Lieutenant George Bramato Brown

 

 

George Bramato Brown was born on 22 July 1890 at Tordeevra, Helen’s Bay, Co. Down, son of linen manufacturer George Herbert Brown and his wife Kathleen Margaret Brown (nee Kertland). He was educated at Sedbergh School, where he was a school prefect and played in the First XV rugby team.

He was commissioned on 20 November 1915 and posted to the North Irish Horse depot at Antrim. He was promoted to the rank of lieutenant on 21 September 1916. In the second half of 1916 or early 1917 Brown was sent to France and joined the 1st North Irish Horse Regiment in the field.

At the end of April 1918 he applied for a transfer to the Royal Naval Volunteer Reserve, citing his experience cruising and racing yachts and motor-boats [see Old Comrades, 1933]:

I went for my first cruise in a sailing yacht with my Father, who was Commodore of the Royal North of Ireland Yacht Club for many years, in 1892, and I have done a certain amount of cruising every summer since then.

I have had a lot of experience of yacht racing also, and I was part owner of the 8 metre yacht ‘Cobweb’ for 4 years (1910 to 1914).

As well as racing I did a lot of cruising in her in the Irish Sea and along the west coast of Scotland.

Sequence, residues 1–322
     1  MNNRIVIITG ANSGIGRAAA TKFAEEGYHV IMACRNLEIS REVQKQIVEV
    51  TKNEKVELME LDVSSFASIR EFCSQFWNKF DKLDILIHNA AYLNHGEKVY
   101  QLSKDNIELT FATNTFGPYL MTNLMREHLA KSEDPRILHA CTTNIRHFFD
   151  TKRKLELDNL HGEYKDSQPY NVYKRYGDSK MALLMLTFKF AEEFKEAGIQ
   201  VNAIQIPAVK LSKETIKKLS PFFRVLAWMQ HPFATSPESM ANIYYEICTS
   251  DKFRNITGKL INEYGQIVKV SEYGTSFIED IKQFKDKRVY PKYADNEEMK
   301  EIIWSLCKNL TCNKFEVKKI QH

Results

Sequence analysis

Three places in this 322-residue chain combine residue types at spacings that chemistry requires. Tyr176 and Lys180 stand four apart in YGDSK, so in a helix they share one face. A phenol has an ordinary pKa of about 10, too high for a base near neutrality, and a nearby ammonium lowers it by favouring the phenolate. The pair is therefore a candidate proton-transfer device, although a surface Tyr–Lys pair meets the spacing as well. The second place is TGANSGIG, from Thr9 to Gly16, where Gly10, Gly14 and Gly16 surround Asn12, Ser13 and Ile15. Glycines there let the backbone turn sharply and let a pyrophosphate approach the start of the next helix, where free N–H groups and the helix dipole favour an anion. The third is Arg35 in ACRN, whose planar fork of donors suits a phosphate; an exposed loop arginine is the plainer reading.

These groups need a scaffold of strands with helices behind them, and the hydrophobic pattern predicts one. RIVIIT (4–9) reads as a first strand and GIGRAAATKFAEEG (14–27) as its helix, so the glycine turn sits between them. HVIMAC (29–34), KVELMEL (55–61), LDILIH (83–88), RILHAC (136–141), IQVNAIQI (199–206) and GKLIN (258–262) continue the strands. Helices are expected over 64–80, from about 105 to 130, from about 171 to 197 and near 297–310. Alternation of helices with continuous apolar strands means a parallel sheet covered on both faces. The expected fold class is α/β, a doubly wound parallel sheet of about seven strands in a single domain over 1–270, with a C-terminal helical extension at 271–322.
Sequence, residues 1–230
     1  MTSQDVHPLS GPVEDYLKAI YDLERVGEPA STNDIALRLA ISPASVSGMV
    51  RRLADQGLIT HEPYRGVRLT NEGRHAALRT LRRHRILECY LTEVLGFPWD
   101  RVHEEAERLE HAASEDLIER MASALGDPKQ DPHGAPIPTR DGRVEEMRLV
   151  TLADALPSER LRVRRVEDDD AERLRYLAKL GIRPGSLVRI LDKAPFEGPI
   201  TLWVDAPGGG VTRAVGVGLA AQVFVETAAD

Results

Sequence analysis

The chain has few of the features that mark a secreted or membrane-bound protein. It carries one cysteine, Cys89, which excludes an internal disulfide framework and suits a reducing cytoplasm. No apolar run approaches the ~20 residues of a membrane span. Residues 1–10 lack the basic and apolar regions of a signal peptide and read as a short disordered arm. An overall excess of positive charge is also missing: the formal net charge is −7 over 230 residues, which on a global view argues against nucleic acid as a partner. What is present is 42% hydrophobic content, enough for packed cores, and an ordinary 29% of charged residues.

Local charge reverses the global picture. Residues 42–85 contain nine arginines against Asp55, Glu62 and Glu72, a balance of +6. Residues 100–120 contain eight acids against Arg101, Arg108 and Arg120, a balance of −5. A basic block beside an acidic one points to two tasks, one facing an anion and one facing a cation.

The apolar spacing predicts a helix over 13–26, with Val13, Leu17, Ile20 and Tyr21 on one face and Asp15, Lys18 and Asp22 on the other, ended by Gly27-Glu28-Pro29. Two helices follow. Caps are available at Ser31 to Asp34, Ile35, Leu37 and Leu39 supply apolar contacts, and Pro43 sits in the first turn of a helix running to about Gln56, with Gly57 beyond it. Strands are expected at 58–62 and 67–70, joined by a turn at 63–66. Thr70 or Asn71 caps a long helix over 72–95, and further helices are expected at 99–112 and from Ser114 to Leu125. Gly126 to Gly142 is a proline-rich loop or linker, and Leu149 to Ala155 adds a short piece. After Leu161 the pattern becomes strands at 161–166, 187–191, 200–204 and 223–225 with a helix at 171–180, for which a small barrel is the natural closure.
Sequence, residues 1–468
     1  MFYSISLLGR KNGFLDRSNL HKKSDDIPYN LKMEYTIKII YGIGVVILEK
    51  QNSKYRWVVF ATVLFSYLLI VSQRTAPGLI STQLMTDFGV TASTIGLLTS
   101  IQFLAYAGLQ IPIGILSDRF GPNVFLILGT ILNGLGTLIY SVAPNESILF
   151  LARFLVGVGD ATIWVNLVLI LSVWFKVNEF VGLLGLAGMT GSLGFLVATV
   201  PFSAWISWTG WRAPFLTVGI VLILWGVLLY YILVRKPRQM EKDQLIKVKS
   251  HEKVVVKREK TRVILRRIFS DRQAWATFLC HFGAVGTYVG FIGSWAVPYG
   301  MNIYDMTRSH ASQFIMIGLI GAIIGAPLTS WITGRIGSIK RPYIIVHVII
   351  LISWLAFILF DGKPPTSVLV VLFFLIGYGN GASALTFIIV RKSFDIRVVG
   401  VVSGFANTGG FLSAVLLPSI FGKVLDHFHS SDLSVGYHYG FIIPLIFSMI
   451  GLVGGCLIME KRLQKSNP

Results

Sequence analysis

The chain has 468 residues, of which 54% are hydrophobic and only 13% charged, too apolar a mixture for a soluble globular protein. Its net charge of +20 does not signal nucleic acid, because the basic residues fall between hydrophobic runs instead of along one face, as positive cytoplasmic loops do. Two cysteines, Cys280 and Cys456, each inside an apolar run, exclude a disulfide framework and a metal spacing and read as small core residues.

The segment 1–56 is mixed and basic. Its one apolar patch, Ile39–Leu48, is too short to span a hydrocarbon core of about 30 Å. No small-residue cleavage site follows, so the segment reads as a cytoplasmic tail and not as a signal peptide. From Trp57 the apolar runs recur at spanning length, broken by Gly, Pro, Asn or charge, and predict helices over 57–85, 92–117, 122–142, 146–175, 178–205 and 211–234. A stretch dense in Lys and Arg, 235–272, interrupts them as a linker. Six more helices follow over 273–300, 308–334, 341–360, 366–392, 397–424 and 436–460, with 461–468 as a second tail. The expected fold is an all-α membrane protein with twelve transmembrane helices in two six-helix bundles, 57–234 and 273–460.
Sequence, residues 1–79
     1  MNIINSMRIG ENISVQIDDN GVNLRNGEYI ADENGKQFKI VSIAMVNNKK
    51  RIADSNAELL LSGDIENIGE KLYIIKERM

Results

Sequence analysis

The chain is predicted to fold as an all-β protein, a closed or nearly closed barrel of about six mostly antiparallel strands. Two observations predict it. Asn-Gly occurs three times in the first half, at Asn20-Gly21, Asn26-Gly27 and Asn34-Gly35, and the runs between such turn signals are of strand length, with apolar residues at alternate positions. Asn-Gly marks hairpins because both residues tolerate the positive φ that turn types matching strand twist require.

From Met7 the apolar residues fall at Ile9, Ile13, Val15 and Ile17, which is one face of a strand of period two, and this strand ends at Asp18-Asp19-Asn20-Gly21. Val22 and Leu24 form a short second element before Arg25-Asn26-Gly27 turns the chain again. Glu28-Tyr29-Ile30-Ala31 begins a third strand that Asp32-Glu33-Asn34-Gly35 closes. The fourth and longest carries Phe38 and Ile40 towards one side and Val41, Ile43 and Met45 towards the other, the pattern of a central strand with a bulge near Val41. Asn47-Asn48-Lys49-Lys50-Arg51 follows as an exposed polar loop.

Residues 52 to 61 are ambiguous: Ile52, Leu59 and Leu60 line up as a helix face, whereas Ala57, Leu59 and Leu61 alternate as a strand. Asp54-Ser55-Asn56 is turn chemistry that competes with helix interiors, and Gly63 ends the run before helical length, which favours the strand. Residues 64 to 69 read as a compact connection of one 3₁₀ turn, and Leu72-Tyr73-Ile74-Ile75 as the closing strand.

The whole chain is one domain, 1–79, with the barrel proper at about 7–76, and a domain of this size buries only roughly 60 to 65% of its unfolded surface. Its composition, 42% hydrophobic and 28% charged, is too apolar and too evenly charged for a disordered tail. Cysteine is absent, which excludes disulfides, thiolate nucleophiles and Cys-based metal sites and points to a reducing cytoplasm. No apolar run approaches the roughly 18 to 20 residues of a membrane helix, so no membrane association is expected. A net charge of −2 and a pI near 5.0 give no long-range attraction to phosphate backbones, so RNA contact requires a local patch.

I am accustomed to using charts, laying off a course and using a compass. I know the “rules of the road”. I have had a good deal of experience with motor boats and in 1915 another amateur and myself took a 40ft racing motor boat from Belfast Lough to Oban and back. I have had a lot of experience with motor engines. I owned my first car, a racing “Calthorpe” in 1910.

My brother Lieut Herbert Brown is in the R.N.V.R. (Motor Boat Patrol) and is in command of H.M. ML406 and I am anxious to get into this branch of the service also.

Brown returned home in May 1918 and, on his appointment as a sub-lieutenant in the RNVR, resigned his commission in the North Irish Horse.

The story of his transfer was re-told at the 1933 reunion of the North Irish Horse by Sir Emerson Herdman, who said:

There was once a cavalry officer who heard during the war that his regiment might be dismounted and might have to fight as infantry. "I'm hanged if I'll fight on my two flat feet for anybody," he announced, and promptly joined the Navy. That subaltern was a member of the North Irish Horse, and he was one of the reasons why we can say we fought on land and sea.
(Belfast News-Letter, 11 November 1933)

After the war Brown lived at Edenderry House, Shaws Bridge, Belfast.

 

George Bramato Brown with the Sedbergh School Rugby XV in 1907

 

I am grateful to Ms Katy de la Rivière, Archivist of the Sedbergh School, for making this image available.